I sometimes find it odd that the editors and translators of the editions of these ancient authors feel the need to explain the Great Men ideology of their authors, since it has been the default setting of most of mankind for most of history.

As John Wilders writes in his introduction to the Arden edition of Antony and Cleopatra, Plutarch was a very congenial source for Shakespeare’s dramas about the ancient world because, although living 1,500 years apart:

both men wrote on the assumption that the course of history was shaped by the actions of men in power and, for that reason, both were curious to penetrate into the subtleties of human character… (Antony and Cleopatra, Arden edition, 1995, page 57)

QED. It is only very recently that more objective, non-Great Men theories – broadly speaking, concepts to do with economics and sociology – have been developed. We can date this new development in human thought to the period vaguely referred to as the Enlightenment of the 18th century. Maybe we can pick an arbitrary date of 1776, the year Adam Smith published ‘An Inquiry into the Nature and Causes of the Wealth of Nations’, which introduced readers to the notion that we are all members of a globalised system of trade and production, and that our lives – whether we have jobs, what we can afford to buy, eat or wear – subject to events in faraway countries and forces beyond our control. Just as everyone in this country is going to suffer because of Russia’s invasion of Ukraine. A revolutionary new way of thinking about societies and human existence.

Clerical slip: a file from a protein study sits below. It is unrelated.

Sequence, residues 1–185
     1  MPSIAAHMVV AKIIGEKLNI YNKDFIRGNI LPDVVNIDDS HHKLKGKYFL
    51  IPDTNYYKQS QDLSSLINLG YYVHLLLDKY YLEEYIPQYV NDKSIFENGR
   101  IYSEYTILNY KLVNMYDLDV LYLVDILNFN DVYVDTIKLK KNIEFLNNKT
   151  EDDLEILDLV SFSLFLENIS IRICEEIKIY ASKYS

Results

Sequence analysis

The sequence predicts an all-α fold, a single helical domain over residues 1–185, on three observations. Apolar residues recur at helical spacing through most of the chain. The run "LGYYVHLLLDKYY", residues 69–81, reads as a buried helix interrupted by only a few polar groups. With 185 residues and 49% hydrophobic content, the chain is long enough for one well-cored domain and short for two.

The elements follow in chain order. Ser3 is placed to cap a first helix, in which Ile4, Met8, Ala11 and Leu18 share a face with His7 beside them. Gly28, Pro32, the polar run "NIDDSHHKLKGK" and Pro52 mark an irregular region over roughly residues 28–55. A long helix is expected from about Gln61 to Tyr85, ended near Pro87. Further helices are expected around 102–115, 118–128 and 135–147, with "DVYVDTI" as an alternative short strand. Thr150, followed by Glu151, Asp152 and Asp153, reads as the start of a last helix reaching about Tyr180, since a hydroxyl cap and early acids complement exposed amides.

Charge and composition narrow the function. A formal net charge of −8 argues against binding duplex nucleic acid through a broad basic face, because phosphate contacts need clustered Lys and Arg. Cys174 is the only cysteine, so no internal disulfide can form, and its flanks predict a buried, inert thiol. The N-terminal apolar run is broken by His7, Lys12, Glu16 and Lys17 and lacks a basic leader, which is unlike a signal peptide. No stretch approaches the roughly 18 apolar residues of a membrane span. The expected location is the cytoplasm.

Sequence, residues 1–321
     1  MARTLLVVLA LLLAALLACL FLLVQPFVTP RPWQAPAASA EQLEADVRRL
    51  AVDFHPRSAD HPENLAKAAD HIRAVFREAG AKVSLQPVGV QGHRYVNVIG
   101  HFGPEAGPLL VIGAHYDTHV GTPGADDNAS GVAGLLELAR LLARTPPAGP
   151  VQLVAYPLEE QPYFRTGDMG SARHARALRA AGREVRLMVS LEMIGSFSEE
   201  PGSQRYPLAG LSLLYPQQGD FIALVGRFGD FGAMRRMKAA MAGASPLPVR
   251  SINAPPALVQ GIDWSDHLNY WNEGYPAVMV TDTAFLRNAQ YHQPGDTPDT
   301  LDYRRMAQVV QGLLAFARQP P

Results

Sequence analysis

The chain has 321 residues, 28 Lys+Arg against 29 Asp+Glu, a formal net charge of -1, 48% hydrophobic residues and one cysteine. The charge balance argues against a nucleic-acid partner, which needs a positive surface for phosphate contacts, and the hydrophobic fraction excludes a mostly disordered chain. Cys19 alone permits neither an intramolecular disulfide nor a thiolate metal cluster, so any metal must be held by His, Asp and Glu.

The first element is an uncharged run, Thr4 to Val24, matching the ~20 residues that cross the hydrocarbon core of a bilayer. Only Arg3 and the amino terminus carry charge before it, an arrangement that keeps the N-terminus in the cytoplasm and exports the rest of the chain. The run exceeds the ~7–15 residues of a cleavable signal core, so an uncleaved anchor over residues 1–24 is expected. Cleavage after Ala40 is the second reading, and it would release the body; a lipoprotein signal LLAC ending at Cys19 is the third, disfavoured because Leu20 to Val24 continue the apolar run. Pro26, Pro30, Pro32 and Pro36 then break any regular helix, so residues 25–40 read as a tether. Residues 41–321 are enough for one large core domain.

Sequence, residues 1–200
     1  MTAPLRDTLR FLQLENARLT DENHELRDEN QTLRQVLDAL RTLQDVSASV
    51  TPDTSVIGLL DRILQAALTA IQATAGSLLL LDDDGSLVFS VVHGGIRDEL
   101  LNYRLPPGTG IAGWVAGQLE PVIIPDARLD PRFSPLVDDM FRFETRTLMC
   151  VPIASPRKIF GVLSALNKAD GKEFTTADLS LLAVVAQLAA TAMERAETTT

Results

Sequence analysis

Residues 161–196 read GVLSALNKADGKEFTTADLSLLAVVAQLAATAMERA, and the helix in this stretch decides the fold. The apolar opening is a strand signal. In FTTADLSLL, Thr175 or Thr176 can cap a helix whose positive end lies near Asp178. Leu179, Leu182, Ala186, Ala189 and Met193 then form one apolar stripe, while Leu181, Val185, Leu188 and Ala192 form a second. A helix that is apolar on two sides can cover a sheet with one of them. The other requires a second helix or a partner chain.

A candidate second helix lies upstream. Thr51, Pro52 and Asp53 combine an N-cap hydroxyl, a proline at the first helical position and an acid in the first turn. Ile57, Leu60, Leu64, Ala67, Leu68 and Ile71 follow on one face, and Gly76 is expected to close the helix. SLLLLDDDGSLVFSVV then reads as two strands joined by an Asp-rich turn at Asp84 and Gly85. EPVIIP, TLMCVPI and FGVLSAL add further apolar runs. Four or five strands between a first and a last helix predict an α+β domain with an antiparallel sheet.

This new, economics-based and sociological way of looking at society definitely accompanied the development of the industrial revolution as all manner of authors tried to understand the sweeping changes transforming society without anybody explicitly planning or wanting them.

We find Dickens objecting to the dominance of the new breed of ‘economists’ who want to reduce all human life to economic statistics (Hard Times, 1854), and Karl Marx, obviously, was writing works which engaged with the earlier sociological theories of Hegel, in Germany, and the post-French Revolution school of theorists in France. The revolution crystallised, accelerated and disseminated all manner of new political and social theories, kick-starting the feverish debates of the nineteenth century, Hegel, Marx, Bakunin, Comte and so on.

In the more pragmatic mercantile Anglosphere the industrial revolution prompted an explosion of social and economic theorists following Smith’s lead, Malthus, Bentham, John-Stuart Mill and so on. We still, to a large extent, live in this world, a world awash with ideologies and theories, none of which completely work or explain everything and so are subject to the endless updating, revising, revisiting and rethinking etc which fill so many books and political journals.

I’m not trying to recapitulate the history of modern political and economic theory, I’m interested in the way that, despite the jungle of modern social theorisation, the Great Man / Fortune’s Wheel theory of history persists and flourishes.

Julius Caesar and Antony and Cleopatra

And so to what prompted these thoughts, Shakespeare’s plays Julius Caesar and Antony and Cleopatra  which I read after reading about 30 texts from ancient Rome about history (Plutarch, Suetonius, Sallust, Cicero). When characters in these plays describe the lead figures, or the lead figures describe themselves, as world-bestriding colossi, they are doing two things.